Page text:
WINNIPEG, Canada (Reuters) – Canadian pipeline company Enbridge is keen on further offshore wind investments in France, but will avoid the United States, where cost and supply chain problems have contributed to offshore projects collapsing, a senior executive said.

Rising costs have led to canceled projects in the U.S. and Britain while putting others at risk. The setbacks for offshore wind may undermine countries’ targets to cut emissions from power generation.

Enbridge, whose main business is transporting North American oil and natural gas, has a small renewable power business that makes up 3% of its earnings before interest, taxes, depreciation and amortization (EBITDA).

Renewables’ share of Enbridge’s earnings will expand as the company invests C$1 billion in capital annually, said Matthew Akman, Enbridge’s president of power.

“There will be big (offshore wind) opportunities for us of the billions of dollars in the future still in Europe,” Akman said in an interview. “But the timing is uncertain. It could be soon because we might see the current issues settle up quickly and it could take years.”

France is the focus of Enbridge’s interest because the company already has a strong partner, state-owned EDF Group, and because wind properties come with 20-year agreements to sell power to the government at prices that escalate with inflation, Akman said.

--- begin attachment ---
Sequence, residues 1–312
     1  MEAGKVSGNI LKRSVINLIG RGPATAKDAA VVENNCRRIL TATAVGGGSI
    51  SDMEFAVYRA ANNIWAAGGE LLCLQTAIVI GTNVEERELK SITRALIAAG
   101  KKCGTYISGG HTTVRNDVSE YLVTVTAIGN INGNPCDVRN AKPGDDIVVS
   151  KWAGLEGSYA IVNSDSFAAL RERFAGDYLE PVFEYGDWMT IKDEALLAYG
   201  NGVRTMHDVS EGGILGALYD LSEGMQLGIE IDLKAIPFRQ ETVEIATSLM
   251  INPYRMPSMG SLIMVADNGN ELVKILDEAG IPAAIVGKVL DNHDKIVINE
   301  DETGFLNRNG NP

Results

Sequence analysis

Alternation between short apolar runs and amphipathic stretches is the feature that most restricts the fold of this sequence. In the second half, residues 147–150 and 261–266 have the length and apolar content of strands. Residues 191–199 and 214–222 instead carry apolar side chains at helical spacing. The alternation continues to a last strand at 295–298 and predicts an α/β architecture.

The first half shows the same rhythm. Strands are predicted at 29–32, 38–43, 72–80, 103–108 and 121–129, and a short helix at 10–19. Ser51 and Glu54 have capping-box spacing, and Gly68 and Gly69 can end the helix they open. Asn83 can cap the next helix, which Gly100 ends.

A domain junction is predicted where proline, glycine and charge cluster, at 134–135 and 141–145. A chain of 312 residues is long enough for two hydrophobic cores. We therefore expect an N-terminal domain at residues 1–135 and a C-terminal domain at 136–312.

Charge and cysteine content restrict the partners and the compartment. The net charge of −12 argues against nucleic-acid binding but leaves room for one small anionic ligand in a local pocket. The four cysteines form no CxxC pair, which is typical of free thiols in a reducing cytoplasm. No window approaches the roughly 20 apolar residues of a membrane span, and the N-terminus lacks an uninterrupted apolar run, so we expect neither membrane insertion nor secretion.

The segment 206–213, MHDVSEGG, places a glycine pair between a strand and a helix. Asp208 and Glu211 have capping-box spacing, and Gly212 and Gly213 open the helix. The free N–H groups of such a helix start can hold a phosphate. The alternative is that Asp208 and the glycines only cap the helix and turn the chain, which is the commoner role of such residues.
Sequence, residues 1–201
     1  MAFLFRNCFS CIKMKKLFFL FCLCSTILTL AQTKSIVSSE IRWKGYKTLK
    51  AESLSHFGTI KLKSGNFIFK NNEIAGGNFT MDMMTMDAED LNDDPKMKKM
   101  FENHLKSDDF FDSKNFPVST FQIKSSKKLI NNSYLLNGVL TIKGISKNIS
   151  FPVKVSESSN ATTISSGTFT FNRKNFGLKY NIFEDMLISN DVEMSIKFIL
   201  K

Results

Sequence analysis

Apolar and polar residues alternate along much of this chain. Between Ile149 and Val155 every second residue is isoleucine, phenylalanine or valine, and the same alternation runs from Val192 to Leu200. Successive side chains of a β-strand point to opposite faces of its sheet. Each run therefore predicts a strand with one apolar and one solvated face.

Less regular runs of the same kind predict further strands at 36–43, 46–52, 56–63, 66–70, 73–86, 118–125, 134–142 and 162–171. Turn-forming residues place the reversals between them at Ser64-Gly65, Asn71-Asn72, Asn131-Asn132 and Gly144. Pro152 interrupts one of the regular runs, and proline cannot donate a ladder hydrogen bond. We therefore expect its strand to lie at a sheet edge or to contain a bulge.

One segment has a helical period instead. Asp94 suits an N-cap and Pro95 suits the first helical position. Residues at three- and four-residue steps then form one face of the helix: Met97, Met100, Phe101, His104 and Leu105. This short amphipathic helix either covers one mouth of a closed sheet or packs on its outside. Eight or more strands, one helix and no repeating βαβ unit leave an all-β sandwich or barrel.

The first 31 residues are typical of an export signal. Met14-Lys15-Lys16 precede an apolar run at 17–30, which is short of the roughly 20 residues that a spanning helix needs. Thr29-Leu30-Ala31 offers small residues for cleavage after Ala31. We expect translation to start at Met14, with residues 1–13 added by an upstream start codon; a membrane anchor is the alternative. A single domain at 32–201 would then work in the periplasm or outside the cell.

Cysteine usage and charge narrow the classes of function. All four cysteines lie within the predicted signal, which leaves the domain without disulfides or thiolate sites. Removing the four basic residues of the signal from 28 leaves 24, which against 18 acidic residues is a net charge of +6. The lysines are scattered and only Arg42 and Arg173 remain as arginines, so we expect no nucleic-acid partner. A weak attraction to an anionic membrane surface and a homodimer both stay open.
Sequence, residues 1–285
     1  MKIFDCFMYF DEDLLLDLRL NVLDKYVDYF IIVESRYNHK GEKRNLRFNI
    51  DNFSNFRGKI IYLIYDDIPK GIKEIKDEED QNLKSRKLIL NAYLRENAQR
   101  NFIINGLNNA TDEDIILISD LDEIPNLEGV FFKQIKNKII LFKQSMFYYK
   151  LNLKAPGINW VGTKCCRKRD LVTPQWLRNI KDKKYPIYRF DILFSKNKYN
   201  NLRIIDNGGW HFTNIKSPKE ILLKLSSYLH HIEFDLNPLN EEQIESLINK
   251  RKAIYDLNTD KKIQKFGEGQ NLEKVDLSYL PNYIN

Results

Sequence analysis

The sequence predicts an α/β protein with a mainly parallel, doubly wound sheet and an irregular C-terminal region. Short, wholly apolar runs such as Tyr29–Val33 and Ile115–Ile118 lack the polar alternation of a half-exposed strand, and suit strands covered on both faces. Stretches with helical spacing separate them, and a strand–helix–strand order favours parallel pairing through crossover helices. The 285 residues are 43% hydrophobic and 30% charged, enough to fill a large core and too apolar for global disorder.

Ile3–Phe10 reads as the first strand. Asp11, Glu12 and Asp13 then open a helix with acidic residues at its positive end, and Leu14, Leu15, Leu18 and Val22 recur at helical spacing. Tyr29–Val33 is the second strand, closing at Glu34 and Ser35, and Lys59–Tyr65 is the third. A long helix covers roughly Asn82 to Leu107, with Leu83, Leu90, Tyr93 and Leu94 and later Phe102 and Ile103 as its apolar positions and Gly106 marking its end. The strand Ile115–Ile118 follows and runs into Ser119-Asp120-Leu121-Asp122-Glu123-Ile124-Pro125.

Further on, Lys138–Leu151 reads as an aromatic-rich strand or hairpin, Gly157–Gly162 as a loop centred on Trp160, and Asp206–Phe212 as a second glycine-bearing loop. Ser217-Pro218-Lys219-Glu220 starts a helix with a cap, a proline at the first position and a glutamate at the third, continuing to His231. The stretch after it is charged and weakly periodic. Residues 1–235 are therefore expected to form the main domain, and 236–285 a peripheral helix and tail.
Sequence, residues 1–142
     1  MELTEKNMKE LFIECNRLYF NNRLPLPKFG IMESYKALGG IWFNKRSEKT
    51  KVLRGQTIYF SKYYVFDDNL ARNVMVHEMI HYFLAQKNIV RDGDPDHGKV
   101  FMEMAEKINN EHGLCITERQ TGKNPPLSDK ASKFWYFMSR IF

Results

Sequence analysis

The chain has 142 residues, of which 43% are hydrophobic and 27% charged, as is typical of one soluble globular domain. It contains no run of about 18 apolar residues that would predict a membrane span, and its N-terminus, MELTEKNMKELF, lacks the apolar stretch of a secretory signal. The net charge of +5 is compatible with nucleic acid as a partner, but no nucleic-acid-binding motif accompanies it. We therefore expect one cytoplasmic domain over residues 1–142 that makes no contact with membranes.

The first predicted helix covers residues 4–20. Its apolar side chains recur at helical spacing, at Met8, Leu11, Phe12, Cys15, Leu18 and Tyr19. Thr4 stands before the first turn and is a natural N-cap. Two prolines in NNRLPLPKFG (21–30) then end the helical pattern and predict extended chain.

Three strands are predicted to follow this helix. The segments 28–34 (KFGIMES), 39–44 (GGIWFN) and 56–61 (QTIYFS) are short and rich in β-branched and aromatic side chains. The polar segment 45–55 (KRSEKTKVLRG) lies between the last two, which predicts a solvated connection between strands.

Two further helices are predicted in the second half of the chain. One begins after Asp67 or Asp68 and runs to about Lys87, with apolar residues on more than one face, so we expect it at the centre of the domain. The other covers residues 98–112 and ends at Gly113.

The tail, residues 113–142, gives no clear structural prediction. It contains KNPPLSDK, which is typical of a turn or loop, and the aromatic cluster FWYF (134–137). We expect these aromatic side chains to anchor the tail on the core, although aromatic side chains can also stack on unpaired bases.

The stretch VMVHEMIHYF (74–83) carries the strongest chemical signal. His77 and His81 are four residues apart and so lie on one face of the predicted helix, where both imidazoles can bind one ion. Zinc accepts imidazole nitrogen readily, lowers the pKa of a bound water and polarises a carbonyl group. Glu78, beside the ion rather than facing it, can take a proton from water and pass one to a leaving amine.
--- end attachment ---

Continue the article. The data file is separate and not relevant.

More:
European projects that Enbridge partly owns have capacity to produce 1.5 gigawatts (GW), while three projects under construction will add another gigawatt. Three other projects in development could add 2.6 GW, more than doubling capacity.

Enbridge plans to participate in the next three French offshore wind tenders this year and is “very optimistic” about further investments, Akman said, given the French government’s plans to increase offshore wind and corporate emissions targets.

Enbridge is not, however, considering investing in U.S. offshore wind projects where supply chain constraints are acute and power transmission bottlenecks pose problems, Akman said.

“I do believe that offshore wind will be a significant contributor to the U.S. northeast energy mix over time, but it’s going to take longer than everyone thought,” Akman said.

Progress on developing U.S. offshore wind farms slowed in 2023 after offshore developers canceled contracts to sell power in Massachusetts, Connecticut and New Jersey, and threatened to cancel agreements in other states. European energy companies Orsted, Equinor and BP took a combined $5 billion in writedowns on U.S. projects.

Enbridge will continue investing in onshore wind and solar in the United States to sell energy to the oil and gas industry, Akman said. The first phase of its solar project with EDF in Ohio has begun operation, Enbridge said on Wednesday.

(Reporting by Rod Nickel in Winnipeg, Manitoba; Editing by Nick Macfie)

FILE PHOTO: An offshore wind project in the German North Sea, owned by EnBW and Enbridge is seen in this handout image taken August 2021. Enbridge/Handout via REUTERS/File Photo